An independent Scotland would be £1bn more in debt while Scots face a hike in income tax rates as severing the 307-year old union with England would lead to higher borrowing costs.

According to research by campaign group Balance the Books, Scottish government bonds would yield 3.07% under current conditions, compared to 2.54% for UK.

It is expected that a 53 basis point spread above UK gilts would push Scotland's overall budget deficit to 8.7% while an additional funding gap would emerge.

The group says this is equivalent to 5p on Scotland's basic rate of income tax or doubling alcohol duty.

"Borrowing under independence would be pricier. It's vital to the fabric of our democracy that this is understood. Scotland would eventually stabilise after emerging from a split. However, a smaller country would always pay more to borrow – even after uncertainty has long blown away," said Adam Kirby, director of Balance the Books.

"The alternative, as part of the UK, is cheaper loan repayments on both public and private debts. That means lower taxes, cheaper mortgages, and better public services. Solidarity can provide where the magic bullet of independence can't – because it makes sense to share our borrowing facilities."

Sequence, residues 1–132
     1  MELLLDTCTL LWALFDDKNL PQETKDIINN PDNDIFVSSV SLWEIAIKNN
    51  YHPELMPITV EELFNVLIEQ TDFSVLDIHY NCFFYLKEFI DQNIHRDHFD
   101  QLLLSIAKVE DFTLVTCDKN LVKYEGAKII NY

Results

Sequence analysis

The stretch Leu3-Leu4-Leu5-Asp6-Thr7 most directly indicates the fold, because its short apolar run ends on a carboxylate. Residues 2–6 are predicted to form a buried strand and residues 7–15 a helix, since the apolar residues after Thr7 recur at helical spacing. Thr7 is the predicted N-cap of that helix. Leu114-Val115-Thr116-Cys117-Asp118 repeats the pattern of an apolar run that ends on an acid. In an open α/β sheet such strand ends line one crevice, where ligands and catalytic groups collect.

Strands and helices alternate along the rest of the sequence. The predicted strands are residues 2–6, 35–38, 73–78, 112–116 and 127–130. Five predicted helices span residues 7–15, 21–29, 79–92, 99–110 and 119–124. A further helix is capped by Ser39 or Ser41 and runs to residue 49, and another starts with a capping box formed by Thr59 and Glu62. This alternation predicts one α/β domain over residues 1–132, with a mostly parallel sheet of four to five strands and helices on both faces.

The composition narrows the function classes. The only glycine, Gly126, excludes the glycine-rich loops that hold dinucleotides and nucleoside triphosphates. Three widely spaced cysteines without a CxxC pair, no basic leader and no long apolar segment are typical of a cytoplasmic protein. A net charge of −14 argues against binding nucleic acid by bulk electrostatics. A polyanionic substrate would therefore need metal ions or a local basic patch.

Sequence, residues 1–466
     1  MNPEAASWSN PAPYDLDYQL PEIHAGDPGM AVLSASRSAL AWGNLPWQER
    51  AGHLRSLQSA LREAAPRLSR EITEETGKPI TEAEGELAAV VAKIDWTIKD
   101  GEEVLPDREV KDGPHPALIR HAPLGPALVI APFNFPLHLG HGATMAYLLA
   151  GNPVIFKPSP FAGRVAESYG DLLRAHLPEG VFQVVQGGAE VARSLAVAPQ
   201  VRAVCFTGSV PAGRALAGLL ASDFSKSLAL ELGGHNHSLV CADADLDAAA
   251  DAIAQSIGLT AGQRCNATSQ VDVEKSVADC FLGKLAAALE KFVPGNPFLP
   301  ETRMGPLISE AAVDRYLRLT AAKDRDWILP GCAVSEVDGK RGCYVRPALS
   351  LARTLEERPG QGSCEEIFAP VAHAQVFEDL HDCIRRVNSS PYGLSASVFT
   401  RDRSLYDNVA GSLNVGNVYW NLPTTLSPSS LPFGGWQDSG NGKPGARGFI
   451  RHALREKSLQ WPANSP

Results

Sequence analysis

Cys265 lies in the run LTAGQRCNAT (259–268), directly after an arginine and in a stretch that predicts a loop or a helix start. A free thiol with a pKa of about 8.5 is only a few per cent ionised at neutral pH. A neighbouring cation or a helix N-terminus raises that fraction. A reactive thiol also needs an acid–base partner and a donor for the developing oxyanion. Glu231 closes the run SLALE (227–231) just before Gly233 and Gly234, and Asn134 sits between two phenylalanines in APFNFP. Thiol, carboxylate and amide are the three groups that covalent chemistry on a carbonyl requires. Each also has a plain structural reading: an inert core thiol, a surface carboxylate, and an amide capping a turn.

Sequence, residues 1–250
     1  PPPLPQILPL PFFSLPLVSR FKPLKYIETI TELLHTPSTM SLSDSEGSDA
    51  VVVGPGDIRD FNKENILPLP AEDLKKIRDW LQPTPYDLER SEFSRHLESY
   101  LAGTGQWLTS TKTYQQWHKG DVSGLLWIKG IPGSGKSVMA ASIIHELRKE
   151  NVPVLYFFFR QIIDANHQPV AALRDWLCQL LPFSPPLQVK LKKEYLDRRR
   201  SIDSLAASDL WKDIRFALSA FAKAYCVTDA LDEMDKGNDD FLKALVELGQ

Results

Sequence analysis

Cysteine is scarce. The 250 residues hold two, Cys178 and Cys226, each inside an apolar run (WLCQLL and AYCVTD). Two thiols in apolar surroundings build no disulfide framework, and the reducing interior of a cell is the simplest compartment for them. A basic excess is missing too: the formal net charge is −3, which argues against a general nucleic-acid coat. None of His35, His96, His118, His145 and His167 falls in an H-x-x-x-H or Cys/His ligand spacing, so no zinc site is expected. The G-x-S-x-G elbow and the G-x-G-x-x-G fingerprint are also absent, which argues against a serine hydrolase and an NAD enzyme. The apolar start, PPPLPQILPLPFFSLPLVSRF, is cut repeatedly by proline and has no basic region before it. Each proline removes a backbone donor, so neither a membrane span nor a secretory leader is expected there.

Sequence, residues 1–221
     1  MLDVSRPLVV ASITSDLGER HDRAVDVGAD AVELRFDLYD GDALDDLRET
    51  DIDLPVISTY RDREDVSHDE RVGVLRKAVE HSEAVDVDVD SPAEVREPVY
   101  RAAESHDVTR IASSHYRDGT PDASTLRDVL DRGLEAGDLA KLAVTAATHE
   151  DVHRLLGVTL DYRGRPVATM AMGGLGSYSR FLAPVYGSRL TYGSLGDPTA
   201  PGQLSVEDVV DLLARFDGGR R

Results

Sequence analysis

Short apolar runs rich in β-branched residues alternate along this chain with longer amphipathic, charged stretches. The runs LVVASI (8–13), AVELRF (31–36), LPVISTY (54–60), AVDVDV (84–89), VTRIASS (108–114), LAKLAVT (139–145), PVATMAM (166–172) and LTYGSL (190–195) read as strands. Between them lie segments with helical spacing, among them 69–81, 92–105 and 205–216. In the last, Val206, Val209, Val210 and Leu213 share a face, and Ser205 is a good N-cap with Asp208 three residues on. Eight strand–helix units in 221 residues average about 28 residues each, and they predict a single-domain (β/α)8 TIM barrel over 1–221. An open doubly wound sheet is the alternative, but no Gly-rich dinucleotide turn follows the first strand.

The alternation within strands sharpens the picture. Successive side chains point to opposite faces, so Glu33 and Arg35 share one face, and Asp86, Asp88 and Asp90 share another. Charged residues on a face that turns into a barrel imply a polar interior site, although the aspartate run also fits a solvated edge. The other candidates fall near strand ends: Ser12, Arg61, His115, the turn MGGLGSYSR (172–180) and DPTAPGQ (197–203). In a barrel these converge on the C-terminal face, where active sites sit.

Scottish people will vote in an independence referendum on 18 September, 2014, and will be asked the straight "yes/no" question: "Should Scotland be an independent country?"

Balance the Books' research follows closely in line with the Institute of Fiscal Studies that show Scotland's budget deficit would be 8.3% before the extra effects of higher borrowing costs.

Due to paying more to service debt, after independence Scotland's budget deficit would in fact increase by 0.44 percentage points as a proportion of GDP, without any new spending, said Balance the Books.

"Scotland already spends far more than it takes in tax, even if you include a geographic share of oil. Remaining in the UK would prevent an extra £1bn in austerity," said Kirby.

"But by contrast, ending the Union would actually make the squeeze worse. And that would require some even tougher decisions.

"As a political entity the United Kingdom is not perfect. But as a machine for negotiating better economies of scale, a united Britain is enormously more effective than a divided island."